Speculative trading of second-hand sneakers is nothing new in China. The resale market is so extensive that it has turned Dewu, a shoe trading platform, into a tech unicorn (see WiC451; the company was previously called Poizon). But shoe scalpers now have to navigate the political row over cotton production in Xinjiang, which has seen Chinese consumers ditch shoes from brands such as Nike and Adidas. While profits on limited edition shoes from sub-brands like Air Jordan and Yeezy have become less predictable, resale value on sneakers from some of the homegrown brands are rising sharply.
As an example, a pair of Li Ning’s Way of Wade 4 sneakers, named after former NBA star Dwyane Wade, is now available for Rmb48,889 ($7,459) on Dewu. That’s almost 32 times the original sales price.
It’s not just the resales of limited edition ranges that are reporting higher prices.
Newer designs are also seeing rapid price hikes on the second-hand platforms.
One netizen took screenshots of a pair of Li Ning’s Counterflow sneakers she purchased two weeks ago, noting that the style has gone up in price from Rmb469 to Rmb699 on Dewu.
“Bought these sneakers two weeks ago for my boyfriend and in less than half a month they have increased Rmb200. Maybe I should go into sneaker trading,” she joked.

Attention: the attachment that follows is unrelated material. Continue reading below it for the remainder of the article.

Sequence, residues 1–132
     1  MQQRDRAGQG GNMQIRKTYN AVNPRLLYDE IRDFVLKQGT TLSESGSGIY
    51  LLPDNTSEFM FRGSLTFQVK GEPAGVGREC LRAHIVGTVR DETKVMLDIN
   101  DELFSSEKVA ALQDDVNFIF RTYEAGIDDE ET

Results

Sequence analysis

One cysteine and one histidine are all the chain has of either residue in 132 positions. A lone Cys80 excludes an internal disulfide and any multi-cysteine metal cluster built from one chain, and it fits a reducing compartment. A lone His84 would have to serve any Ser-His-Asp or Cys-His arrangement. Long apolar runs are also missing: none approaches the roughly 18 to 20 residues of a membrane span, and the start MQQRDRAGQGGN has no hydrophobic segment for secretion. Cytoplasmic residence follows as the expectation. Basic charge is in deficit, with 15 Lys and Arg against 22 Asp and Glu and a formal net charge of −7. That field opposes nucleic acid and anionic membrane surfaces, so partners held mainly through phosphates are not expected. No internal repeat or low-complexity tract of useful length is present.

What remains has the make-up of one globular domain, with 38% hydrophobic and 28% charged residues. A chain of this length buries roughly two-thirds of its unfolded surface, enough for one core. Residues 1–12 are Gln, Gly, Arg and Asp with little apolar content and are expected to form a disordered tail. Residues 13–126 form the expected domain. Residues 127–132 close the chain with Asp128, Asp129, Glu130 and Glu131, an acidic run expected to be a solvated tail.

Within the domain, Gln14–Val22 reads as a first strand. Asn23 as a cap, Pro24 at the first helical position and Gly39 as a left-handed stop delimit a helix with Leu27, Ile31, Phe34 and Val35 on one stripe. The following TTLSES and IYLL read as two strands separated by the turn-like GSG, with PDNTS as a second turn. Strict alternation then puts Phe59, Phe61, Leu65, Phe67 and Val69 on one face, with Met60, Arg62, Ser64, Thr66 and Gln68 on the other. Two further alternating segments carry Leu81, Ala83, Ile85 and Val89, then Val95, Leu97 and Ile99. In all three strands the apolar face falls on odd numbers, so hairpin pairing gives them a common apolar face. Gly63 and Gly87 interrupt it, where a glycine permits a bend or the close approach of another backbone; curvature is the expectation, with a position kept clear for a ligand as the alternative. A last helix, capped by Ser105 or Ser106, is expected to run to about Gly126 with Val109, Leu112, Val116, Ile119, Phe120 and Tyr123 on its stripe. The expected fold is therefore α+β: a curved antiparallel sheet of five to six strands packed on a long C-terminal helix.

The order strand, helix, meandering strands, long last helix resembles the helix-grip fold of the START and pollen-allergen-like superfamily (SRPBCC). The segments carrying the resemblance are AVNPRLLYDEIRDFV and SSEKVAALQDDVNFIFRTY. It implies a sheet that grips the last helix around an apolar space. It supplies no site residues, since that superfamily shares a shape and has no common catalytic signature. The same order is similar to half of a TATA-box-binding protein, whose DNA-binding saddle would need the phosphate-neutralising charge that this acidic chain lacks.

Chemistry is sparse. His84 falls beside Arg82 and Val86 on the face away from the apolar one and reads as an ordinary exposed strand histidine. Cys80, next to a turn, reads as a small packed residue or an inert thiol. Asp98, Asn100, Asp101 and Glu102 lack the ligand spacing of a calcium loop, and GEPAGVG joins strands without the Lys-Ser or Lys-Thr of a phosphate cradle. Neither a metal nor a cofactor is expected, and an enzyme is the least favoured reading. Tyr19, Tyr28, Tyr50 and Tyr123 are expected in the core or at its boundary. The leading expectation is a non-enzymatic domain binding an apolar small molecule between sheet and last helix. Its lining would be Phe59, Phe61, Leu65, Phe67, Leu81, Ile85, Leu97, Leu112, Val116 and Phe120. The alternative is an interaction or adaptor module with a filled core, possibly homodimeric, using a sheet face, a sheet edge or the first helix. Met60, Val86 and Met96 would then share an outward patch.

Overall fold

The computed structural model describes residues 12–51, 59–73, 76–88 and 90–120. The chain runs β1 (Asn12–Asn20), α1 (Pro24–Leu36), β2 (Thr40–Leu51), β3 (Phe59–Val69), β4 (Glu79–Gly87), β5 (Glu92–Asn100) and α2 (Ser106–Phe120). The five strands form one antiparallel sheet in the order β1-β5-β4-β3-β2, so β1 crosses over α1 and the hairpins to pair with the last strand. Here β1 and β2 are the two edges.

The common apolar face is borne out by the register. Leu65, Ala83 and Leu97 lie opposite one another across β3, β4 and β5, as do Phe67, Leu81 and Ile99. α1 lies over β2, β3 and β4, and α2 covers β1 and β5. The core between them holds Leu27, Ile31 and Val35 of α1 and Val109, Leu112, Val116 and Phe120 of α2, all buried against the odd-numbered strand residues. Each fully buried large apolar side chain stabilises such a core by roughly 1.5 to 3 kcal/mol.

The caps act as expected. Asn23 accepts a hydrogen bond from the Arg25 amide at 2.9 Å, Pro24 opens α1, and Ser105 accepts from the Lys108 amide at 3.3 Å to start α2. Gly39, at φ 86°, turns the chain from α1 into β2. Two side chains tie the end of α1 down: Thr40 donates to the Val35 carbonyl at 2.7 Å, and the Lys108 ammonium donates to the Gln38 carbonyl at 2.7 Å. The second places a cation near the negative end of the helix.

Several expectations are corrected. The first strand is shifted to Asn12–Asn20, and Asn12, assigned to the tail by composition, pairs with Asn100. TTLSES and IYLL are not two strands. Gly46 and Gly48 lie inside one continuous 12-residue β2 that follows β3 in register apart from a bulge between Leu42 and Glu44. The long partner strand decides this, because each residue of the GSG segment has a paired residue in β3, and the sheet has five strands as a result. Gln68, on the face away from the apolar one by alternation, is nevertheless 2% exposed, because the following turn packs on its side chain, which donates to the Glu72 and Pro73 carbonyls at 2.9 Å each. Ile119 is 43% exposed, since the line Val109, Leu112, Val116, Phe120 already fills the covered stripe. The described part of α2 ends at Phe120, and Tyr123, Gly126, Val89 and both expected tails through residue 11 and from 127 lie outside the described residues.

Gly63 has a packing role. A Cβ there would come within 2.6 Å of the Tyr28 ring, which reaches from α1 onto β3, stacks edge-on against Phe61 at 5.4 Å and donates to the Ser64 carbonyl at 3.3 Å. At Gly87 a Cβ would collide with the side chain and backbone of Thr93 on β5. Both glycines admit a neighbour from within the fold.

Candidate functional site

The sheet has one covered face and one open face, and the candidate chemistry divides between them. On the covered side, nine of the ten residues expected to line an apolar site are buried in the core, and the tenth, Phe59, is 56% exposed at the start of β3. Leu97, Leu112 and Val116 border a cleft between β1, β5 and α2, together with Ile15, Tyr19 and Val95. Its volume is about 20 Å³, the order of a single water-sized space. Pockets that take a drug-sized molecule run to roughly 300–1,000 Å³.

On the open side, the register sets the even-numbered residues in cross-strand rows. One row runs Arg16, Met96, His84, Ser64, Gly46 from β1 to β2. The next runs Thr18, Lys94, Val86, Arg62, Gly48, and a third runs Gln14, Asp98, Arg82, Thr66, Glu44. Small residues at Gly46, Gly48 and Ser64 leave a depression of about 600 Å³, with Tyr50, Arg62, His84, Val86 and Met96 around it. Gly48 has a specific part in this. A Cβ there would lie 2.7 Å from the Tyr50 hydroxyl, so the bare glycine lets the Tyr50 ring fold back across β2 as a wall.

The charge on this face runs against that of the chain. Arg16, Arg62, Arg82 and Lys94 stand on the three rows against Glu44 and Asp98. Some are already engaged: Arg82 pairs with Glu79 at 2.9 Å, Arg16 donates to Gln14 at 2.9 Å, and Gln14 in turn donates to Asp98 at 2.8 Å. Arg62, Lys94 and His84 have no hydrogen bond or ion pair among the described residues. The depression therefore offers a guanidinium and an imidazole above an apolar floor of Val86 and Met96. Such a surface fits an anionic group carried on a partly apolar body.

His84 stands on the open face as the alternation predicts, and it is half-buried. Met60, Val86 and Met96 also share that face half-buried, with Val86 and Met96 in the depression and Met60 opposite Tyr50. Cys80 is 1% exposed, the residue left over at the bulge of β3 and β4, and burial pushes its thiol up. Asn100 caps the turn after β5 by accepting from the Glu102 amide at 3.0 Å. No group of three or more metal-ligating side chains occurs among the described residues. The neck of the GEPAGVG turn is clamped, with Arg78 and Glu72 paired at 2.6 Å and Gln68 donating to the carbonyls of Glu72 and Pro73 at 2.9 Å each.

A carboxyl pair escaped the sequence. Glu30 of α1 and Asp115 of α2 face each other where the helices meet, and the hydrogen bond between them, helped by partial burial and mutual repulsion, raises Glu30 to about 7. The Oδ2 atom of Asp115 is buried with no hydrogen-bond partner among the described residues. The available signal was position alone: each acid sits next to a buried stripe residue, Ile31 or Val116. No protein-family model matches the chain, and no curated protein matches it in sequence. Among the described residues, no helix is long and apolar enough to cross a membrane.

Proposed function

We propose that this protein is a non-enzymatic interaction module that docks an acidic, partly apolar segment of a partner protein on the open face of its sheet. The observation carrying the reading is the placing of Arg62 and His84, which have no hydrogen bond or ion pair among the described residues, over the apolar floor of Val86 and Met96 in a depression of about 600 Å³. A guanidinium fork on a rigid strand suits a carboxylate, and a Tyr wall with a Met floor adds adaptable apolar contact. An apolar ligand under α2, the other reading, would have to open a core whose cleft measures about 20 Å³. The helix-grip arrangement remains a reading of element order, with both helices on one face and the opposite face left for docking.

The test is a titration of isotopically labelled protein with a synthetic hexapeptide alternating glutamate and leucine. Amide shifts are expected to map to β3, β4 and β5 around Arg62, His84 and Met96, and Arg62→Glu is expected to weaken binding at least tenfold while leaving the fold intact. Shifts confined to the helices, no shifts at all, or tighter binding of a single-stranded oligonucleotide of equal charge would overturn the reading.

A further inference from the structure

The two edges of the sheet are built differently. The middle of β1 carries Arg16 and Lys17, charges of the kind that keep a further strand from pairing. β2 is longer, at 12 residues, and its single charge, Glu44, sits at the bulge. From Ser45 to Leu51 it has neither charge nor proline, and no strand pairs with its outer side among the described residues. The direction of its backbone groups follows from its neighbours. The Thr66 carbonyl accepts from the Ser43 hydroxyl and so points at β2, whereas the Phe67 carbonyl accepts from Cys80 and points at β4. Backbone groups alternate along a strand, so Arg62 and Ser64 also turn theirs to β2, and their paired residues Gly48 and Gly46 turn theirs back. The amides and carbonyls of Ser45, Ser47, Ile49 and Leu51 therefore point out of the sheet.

TMT Post is doubtful about the longer term prospects for profits, wondering whether scalpers are increasing their mark-ups as part of an effort to drive up prices artificially across the resell platforms. Some of the highest-priced items haven’t found buyers, either. The Way of Wade 4 sneakers at Rmb48,889 have had no takers so far and the most recent sale of Wow7 The Moment, another limited edition design in Wade’s name, were sold for Rmb8,989, much lower than the asking price of Rmb30,000.
The surge in prices for shoes from Li Ning and Anta has still attracted interest from the country’s state-run media, however.
Xinhua warns that rampant speculation on sneaker prices could result in customers losing trust in homegrown brands and the People’s Daily is calling for a crackdown, saying that shoes are for wearing, and not for speculating on their future value.
“A large number of internet users are choosing to support domestic brands, which is normal,” the newspaper noted. “But some scalpers think they have caught onto a business opportunity, as if they smelled blood.”
An industry insider told Securities Times that local distributors of some of the sneaker brands were profiteering from the ‘buy China’ trend by charging more and increasing supply. On the other hand, some of the main distributors for Nike and Adidas are sitting on hundreds of millions of yuan in inventory waiting to be marked down.
“[Life is] difficult! I can’t eat or sleep. I look at all the stock in the warehouse and I feel like crying,” one distributor complained to the newspaper.
In response to the state media warnings, Dewu released a statement last week explaining that it was removing some of the most overpriced shoes from its site due to their “high price fluctuations”. It also explained that the prices are set by the sellers and not by the platform.
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